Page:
Unsupported Windows XP machines in China could pose a threat to the Internet in general if bot-herders round up significant numbers of them to use as launch pads for malicious exploits, according to a top white-hat hacker.
James Forshaw, a vulnerability researcher for Context Information Security, says the vast number of XP computers in China represents the potential staging ground for attacks if they become compromised.
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"If we're talking tens of millions of machines that's a significant pool to do DoS or other malicious attacks," says Forshaw, who is a $100,000 winner of Microsoft's BlueHat bounty prize for finding and reporting vulnerabilities in its Internet Explorer browser. "It might be in everyone's best interest to get China or other countries to help them to migrate."
StatCounter, which tracks operating system use by country, says that in January Windows XP represented 50.46% of the operating systems in use in China. That's down from 63% the year before, but still very significant. With China's population upward of 1.3 billion, that represents a lot of machines, Forshaw says.
The cost of migration is cited as the main reason so many Chinese haven't upgraded their operating systems despite Microsoft's alerts that support for XP ends April 8, and perhaps financial incentives from Microsoft would help, he says. For example in the U.S., Microsoft is offering discounts on certain Windows 8 computers if customers trade in XP machines. "It's a question of if they believe it's in their best interest to help," he says.
The danger these XP machines in China represent already exists, says Cesar Cerrudo, CTO at IOActive Labs. "It seems most [XP users in China] never applied security patches," he says. That may be because many were pirated copies of the operating system and so couldn't be updated because they had no documentation. Former Microsoft CEO Steve Ballmer says 90% of Microsoft software used in China, including Windows XP was pirated. That means the bulk of XP computers in China have never been updated and so are ripe for exploitation, he says.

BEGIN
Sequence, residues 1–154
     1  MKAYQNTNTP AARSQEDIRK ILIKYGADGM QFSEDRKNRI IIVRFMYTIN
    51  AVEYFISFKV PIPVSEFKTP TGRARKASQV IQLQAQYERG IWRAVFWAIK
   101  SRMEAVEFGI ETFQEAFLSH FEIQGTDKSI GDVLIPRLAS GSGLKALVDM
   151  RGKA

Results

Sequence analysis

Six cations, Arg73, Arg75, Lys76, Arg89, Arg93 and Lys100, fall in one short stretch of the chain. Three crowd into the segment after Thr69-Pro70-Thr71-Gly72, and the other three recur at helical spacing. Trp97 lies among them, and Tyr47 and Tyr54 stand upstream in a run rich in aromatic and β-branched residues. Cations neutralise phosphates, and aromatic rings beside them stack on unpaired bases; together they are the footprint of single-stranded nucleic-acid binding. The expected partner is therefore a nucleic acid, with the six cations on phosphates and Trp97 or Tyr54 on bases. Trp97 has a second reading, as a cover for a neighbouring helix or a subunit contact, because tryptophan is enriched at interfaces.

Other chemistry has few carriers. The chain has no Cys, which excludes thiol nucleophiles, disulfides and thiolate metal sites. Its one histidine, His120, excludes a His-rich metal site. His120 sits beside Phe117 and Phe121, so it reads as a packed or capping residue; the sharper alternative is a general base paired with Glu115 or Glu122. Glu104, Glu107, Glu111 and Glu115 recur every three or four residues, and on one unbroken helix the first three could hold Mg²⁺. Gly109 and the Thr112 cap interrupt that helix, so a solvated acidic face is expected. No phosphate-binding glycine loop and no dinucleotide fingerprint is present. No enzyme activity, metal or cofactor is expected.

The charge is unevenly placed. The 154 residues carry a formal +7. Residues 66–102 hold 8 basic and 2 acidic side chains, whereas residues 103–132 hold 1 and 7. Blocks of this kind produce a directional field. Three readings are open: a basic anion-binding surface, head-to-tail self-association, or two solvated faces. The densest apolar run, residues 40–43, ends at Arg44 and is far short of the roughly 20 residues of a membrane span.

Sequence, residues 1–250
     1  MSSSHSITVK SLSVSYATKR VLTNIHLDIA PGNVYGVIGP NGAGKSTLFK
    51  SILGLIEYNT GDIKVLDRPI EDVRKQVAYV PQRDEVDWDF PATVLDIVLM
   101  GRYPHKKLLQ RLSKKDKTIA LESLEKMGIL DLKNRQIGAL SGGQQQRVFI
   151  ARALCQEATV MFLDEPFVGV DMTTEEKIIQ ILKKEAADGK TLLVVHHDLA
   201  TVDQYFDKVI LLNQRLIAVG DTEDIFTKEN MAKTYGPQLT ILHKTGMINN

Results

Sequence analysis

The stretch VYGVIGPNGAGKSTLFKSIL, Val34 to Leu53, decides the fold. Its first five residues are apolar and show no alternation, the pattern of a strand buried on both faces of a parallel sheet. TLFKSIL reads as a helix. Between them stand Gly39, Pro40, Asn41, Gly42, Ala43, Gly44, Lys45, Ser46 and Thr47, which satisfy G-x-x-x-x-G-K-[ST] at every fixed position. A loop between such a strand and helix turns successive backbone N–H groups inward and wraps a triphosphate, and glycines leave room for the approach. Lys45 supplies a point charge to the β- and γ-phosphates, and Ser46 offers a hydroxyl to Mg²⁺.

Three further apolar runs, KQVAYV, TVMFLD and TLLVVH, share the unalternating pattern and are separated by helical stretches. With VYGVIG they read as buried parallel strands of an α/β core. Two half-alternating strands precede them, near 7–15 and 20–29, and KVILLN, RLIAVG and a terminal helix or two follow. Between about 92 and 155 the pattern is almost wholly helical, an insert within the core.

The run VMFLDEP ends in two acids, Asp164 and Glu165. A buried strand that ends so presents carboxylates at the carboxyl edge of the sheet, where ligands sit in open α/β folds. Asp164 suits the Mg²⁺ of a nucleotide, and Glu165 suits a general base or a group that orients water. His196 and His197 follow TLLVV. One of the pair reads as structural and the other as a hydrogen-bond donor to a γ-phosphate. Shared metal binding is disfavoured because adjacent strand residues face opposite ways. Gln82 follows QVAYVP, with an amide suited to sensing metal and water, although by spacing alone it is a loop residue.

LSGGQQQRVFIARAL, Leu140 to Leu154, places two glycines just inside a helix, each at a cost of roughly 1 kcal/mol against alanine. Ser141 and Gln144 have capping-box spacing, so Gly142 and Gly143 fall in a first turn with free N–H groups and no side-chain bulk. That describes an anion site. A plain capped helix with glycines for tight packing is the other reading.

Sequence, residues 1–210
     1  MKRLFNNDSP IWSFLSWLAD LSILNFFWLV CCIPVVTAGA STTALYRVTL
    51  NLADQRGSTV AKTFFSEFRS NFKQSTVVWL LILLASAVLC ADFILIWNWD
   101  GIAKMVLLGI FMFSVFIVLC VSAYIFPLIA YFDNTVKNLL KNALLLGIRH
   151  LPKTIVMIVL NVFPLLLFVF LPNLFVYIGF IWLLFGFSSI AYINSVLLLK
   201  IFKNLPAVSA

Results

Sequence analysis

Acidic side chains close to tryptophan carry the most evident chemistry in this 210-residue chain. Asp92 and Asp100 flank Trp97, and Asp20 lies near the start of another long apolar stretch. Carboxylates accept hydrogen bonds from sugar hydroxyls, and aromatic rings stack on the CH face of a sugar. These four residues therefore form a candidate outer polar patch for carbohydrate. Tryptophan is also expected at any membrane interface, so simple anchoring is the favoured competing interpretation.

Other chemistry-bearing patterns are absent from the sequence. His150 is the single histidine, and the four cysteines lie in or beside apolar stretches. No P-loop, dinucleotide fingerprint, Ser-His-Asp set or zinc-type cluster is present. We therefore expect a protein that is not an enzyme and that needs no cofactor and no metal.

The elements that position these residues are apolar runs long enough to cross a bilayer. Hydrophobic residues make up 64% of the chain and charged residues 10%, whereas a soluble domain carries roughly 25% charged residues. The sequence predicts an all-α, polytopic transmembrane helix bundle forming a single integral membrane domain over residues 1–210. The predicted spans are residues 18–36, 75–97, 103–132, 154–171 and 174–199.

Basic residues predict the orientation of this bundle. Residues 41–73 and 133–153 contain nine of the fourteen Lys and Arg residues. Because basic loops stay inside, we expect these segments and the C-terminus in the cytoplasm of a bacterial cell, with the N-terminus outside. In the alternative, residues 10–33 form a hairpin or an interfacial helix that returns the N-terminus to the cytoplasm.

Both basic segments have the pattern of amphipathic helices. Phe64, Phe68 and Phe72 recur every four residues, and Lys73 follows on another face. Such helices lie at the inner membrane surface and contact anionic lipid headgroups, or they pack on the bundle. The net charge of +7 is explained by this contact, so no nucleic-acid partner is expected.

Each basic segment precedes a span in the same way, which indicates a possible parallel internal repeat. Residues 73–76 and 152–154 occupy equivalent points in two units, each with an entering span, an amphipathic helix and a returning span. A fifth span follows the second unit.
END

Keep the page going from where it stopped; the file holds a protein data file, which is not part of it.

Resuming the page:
Forshaw agrees. "If the will was there it was already possible anyway," he says.
How vulnerable they actually are depends on the overall risk footprint for the system the hardware, operating system, applications and security, says Paul Royal, a research scientist and associate director of the Georgia Tech Information Security Center. Since the Web is a major way malware makes its way onto computers, the browser used and its security can make a difference, he says, and short-term those that run on XP will still be supported, he says, such as Mozilla's Firefox and Google Chrome.
Attackers seeking an information bonanza by infiltrating newly unsupported XP may be disappointed, he says. He thinks most of government and large corporations have already transitioned to newer operating systems in order to maintain security or they have additional protections in place. "Mature nation-states are not stupid," he says.
That leaves smaller businesses and residential users, but they represent lower-value targets when it comes to compromising important information, Royal says.
Tim Greene covers Microsoft and unified communications for Network World and writes the Mostly Microsoft blog. Reach him at firstname.lastname@example.org and follow him on Twitter @Tim_Greene.
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